Single Review – Maximo Park – What Equals Love?

With their upcoming sixth studio album Risk To Exist on its way for an April 21st release, the Newcastle based group have released their third outright single with ‘What Equals Love?’. With the tracks released so far being rather pointed in tone lyrically (which is more than welcome) this track seems to echo Paul Smith’s ability to portray difficulties in human relations with such musicality and sing-a-long quality. It is a nice shift in tone and variety for the album and though using the same tools, this track has many Pop qualities with infectious rhythms, melodies and harmonies. They are a band that have been sending out solid pieces of music, but this is stronger track that will serve their album and their gigs well. 

Owen Riddle 

Field Music – Commontime Review

Field Music are back with their fifth album ‘Commontime’. The Sunderland born brothers, David and Peter Brewis, although rarely heard in mainstream media, have collaborated with such names as Maximo Park and The Futureheads. Their new album is further proof that they could, and should, be seen and heard more frequently in popular music culture.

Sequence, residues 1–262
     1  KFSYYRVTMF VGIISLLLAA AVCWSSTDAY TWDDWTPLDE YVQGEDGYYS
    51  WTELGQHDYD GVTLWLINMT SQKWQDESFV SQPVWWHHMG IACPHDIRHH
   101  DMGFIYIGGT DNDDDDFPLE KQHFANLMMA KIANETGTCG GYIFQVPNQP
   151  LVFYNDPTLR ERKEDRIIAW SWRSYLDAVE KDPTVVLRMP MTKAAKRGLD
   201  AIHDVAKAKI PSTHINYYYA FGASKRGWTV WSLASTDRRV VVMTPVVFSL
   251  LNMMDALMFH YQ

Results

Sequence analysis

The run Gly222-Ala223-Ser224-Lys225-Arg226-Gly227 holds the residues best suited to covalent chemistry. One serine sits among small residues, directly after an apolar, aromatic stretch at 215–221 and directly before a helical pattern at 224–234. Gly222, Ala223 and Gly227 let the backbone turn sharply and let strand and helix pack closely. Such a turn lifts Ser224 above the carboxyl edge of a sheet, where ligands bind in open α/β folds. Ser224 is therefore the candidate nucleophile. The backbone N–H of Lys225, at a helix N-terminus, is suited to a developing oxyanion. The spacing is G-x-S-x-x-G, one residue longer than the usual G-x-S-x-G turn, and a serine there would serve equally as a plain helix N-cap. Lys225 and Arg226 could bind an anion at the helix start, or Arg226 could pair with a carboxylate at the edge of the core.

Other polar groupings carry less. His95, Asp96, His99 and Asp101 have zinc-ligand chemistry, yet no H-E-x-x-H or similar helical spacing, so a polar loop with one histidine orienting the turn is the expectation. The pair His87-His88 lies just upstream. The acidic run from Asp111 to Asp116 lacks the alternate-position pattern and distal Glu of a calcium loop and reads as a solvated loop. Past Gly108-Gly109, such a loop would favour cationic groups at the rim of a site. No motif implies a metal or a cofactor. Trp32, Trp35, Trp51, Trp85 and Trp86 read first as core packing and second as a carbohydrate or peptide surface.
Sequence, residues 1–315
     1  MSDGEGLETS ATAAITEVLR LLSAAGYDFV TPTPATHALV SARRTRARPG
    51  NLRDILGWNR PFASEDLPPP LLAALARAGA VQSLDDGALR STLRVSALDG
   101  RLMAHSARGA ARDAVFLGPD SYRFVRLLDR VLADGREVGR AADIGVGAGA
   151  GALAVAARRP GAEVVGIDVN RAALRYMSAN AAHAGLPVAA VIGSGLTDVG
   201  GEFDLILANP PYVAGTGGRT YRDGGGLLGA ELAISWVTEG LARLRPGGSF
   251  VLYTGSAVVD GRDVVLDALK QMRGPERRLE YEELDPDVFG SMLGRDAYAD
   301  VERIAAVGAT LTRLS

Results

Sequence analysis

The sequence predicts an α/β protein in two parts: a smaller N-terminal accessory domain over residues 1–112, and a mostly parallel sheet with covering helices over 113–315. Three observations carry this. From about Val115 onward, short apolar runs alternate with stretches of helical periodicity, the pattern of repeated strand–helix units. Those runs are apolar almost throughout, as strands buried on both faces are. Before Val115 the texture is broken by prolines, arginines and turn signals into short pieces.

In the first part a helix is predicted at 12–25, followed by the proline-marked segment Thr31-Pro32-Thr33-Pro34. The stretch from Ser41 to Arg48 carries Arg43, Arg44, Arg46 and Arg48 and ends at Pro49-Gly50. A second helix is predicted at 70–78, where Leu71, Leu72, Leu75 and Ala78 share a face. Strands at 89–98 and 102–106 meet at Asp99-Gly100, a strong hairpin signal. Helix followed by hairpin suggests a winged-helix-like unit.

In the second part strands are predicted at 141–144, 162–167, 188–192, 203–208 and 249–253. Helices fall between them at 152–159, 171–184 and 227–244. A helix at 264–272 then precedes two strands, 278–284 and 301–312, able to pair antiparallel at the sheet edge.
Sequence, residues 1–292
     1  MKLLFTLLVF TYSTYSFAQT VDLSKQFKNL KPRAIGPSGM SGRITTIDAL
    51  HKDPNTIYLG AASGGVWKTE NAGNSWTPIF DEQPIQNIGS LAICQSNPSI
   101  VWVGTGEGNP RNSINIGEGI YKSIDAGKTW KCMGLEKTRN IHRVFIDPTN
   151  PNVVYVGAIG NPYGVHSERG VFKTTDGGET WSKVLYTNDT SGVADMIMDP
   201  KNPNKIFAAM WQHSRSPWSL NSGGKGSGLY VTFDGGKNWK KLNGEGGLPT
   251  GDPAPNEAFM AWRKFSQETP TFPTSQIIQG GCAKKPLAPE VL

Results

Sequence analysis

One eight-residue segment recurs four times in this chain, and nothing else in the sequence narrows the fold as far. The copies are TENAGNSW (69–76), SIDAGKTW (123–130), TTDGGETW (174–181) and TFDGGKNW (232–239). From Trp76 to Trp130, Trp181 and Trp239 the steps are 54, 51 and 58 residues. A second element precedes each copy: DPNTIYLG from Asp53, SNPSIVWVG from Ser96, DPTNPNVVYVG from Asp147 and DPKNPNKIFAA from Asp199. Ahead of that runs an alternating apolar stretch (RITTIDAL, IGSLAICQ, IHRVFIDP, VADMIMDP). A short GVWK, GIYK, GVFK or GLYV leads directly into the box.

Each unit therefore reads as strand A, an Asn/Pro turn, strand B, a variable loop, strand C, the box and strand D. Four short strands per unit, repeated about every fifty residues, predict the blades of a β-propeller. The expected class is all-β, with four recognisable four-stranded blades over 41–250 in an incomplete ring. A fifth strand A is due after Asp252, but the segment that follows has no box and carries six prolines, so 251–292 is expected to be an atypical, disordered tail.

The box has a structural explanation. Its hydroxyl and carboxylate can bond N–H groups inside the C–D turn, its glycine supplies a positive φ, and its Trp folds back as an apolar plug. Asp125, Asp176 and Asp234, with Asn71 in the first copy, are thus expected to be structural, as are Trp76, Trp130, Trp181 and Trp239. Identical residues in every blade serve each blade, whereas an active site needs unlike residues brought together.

The album opens with “The Noisy Days are Over’, a loud and energetic track. The first sound to be heard is bold and a bit startling, fitting with the overall message of the song which is to wake up to reality. The overall track is very catchy, with lots of percussion, guitar and a touch of funk. ‘Disappointed’ is another track which could easily become popular. The mellow tones blend with the smooth sounds of the guitar, giving this song a blues-rock feeling. The vocals in this track are divine, giving stunning vocal harmonies which turn this into a stand out sound for Field Music.